One significant product of the marijuana liberalization debate in the 1960s and early 1970s was a new wave of scholarship that investigated the history of drug use and prohibitive policies in the United States. This period ultimately produced some of the most influential scholarship on the history of drugs in the United States and helped establish an interpretative basis for the origins of drug prohibition, especially the Marihuana Tax Act. (8) In this regard, there are some obvious parallels between the early 1970s and current debates on marijuana legalization. At present, states have moved to curtail penalties for marijuana possession and use. There has also been an explosion of research on the issue and an increasing depth of public engagement on the subject. Moreover, there is a growing belief among many that widespread legalization seems only a matter of time. Yet, those keen on marijuana's history will know this may not be the case. Indeed, the clear momentum for marijuana liberalization in the 1960s and 1970s was promptly turned back during the early 1980s. The rollback itself was led by a nationwide parents movement that pushed Congress to enact a new series of mandatory minimum sentences. (9) Under the "Just Say No" campaign and the Anti-drug Abuse Act of 1986, President Ronald Reagan responded with a wide net that swept up all drugs, including marijuana.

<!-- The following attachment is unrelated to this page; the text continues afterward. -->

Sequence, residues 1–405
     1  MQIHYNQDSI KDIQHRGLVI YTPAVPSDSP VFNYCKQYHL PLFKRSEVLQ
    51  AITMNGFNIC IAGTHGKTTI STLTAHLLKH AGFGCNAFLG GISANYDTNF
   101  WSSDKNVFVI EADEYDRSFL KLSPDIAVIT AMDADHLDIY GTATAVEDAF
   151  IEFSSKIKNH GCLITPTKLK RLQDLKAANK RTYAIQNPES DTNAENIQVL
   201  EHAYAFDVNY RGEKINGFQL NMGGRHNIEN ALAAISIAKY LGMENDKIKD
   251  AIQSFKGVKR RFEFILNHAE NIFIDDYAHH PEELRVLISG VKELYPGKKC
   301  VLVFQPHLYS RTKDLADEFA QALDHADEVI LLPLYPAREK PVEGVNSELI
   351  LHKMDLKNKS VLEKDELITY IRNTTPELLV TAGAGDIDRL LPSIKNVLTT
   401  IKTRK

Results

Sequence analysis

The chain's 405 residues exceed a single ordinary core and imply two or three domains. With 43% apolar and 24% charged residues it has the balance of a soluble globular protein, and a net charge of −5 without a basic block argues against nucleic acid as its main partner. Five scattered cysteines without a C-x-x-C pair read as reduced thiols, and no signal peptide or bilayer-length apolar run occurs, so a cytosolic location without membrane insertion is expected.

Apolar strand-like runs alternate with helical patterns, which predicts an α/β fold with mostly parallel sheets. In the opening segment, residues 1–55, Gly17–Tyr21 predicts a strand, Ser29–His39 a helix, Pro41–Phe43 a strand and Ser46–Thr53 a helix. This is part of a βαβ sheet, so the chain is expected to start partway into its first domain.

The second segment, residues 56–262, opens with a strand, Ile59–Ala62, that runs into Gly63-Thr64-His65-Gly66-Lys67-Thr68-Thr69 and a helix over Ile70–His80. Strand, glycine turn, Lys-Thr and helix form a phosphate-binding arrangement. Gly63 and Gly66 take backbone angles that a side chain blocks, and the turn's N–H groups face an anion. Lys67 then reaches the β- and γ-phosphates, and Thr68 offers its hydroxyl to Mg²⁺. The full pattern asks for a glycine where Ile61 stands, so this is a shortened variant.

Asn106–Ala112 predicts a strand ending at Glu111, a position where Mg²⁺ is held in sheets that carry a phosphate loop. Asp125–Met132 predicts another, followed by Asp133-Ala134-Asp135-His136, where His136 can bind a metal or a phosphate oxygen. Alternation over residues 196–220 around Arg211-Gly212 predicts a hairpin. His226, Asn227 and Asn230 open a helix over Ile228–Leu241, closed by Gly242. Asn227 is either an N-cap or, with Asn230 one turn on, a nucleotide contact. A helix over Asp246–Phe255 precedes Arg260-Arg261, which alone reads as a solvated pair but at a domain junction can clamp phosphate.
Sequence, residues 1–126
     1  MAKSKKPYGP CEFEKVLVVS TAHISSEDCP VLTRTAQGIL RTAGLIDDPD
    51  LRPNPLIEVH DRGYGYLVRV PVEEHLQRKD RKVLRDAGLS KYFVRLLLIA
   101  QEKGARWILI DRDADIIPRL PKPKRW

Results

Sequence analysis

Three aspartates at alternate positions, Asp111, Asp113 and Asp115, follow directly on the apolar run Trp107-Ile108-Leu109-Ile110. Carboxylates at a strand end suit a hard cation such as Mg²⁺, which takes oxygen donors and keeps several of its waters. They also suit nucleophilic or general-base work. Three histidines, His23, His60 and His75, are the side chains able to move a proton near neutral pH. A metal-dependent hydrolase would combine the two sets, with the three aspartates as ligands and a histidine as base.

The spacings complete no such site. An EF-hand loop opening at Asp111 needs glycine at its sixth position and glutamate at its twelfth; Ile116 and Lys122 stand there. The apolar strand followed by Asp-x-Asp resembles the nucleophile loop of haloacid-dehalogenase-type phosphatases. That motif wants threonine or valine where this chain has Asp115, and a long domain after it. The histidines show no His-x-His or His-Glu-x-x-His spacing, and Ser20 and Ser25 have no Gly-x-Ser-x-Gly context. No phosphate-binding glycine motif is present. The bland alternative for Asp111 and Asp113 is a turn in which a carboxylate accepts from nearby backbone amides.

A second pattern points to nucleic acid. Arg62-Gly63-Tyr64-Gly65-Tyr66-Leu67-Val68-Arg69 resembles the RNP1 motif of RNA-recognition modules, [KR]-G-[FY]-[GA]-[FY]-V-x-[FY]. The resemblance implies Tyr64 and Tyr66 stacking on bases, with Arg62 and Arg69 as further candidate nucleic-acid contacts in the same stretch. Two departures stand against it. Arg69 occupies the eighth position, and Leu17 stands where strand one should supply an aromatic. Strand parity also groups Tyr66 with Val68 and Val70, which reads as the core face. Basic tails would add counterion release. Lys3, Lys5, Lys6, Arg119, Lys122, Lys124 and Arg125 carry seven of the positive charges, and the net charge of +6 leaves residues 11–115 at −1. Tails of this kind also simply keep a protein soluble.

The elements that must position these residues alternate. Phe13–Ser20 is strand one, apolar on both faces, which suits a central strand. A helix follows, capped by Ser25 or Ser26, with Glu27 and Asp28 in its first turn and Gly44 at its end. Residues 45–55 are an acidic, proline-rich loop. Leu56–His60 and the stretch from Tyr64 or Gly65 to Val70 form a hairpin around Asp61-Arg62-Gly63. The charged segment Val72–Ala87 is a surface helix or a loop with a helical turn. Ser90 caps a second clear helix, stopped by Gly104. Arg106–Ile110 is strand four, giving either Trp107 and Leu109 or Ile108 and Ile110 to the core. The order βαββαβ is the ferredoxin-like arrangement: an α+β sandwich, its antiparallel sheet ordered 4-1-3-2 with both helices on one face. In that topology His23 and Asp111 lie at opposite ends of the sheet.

The results of these prohibitive measures are at least partly responsible for the recent criticism of the war on drugs and marijuana criminalization. The United States has the largest incarcerated population in the world, with well-documented racial disparities and arrest rates. (10) Moreover, many in the influential baby-boom generation view marijuana use in the context of their own youthful experimentation, expressing displeasure with harsh penalties. In this context it is easy to see how the existing historical scholarship on marijuana prohibition was, and continues to be, highly influential in this debate. Narratives of xenophobia, propaganda, and conspiracy make a powerful case for the folly of continuing an ill-conceived prohibition.